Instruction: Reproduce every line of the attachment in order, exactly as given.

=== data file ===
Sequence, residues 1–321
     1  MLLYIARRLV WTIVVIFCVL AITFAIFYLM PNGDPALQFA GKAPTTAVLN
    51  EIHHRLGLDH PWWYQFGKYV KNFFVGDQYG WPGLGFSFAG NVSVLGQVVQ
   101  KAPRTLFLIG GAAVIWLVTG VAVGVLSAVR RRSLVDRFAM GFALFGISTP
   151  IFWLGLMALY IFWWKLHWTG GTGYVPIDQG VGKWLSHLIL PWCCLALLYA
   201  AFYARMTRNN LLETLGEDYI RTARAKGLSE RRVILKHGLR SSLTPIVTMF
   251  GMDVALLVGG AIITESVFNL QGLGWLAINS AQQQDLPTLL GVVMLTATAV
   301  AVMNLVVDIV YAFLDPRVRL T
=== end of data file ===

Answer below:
Sequence, residues 1–321
     1  MLLYIARRLV WTIVVIFCVL AITFAIFYLM PNGDPALQFA GKAPTTAVLN
    51  EIHHRLGLDH PWWYQFGKYV KNFFVGDQYG WPGLGFSFAG NVSVLGQVVQ
   101  KAPRTLFLIG GAAVIWLVTG VAVGVLSAVR RRSLVDRFAM GFALFGISTP
   151  IFWLGLMALY IFWWKLHWTG GTGYVPIDQG VGKWLSHLIL PWCCLALLYA
   201  AFYARMTRNN LLETLGEDYI RTARAKGLSE RRVILKHGLR SSLTPIVTMF
   251  GMDVALLVGG AIITESVFNL QGLGWLAINS AQQQDLPTLL GVVMLTATAV
   301  AVMNLVVDIV YAFLDPRVRL T